History of the Siamese
The Siamese cat originated from Thailand, formerly known as Siam.
These cats were held in such high esteem in their native country that no one except the King and members of the
royal family were permitted to own them.
They were originally known as Royal points. Written records reveal that Siamese cats, in their country of origin, were
venerated as guardians of the temples.
When a person of high rank died, it was usual to select one of these cats to receive the dead person’s soul.
The cat was then removed from the royal household and sent to one of the temples to spend the rest of its days
living a ceremonial life of great luxury,
with monks and priests as its servants. These cats were reputed to eat the finest foods from gold plate and to
recline on cushions made of the most
opulent materials, which had been provided by the departed one’s relatives in an attempt to receive good fortune
and blessings.
Once they became temple cats, they were supposed to have special powers and could intercede for the soul of the
dead person.
Years ago features such as crossed eyes and kinked tail were looked on as characteristics of the breed and many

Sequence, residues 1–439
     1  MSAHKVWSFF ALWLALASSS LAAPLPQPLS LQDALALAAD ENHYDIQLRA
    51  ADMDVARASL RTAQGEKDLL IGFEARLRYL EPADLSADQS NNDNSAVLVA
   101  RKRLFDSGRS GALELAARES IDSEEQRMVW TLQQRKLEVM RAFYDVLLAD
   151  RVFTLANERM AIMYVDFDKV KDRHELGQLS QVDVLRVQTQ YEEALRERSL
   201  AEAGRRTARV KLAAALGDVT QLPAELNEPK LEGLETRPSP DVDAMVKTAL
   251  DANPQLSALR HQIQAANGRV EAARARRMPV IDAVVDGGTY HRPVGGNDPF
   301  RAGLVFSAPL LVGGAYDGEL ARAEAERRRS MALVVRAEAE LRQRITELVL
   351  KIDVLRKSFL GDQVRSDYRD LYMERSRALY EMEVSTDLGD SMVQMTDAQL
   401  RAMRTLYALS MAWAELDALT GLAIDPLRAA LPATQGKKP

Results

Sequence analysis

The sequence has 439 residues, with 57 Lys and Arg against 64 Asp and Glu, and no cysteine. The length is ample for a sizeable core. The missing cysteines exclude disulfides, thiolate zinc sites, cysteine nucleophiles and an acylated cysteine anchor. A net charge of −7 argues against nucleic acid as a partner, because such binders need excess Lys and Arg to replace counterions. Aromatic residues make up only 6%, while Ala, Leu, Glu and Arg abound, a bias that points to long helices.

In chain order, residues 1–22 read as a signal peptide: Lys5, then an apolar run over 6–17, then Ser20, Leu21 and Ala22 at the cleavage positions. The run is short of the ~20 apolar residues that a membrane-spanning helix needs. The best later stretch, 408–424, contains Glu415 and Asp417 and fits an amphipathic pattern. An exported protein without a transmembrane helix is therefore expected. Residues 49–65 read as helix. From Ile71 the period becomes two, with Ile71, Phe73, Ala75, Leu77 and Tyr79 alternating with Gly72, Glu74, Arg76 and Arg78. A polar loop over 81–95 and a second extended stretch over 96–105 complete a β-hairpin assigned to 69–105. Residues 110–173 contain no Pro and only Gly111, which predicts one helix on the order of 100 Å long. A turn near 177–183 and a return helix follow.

legends exist as to their origin.
It was said that a Princess of the Royal House of Siam used her cat’s tail as a ring-stand while she was bathing.
The kink in the tail prevented the rings from falling off and being lost. Another legend accounts for both the crosseyed feature as well as the
development of the kink. Once, when all the men of Siam left their homes to defend their kingdom, just two cats –
one male Siamese, Tien, and one female Siamese, Chula – remained in order to guard Buddha’s golden goblet in the
sacred temple.
The male cat became pretty restless and, after mating the female Siamese, left her in order to find another priest to
look after the temple.
The female, apparently, was so overwhelmed by the responsibility of guarding the Buddha’s treasure that she never
once glanced away from the goblet,
wrapping her long tail around its stem to prevent theft in case she should fall asleep. As time passed waiting for
Tien to return with a new master,
she could no longer forstall the birth of her kittens, who all arrived with the physical characteristics that she herself
had acquired during her period as
watchguard – a kinked tail and crossed eyes. Just occasionally, even today, kittens are born with these features – so
the legends are kept alive.

Copyright Siamese Cat Society NSW inc 2022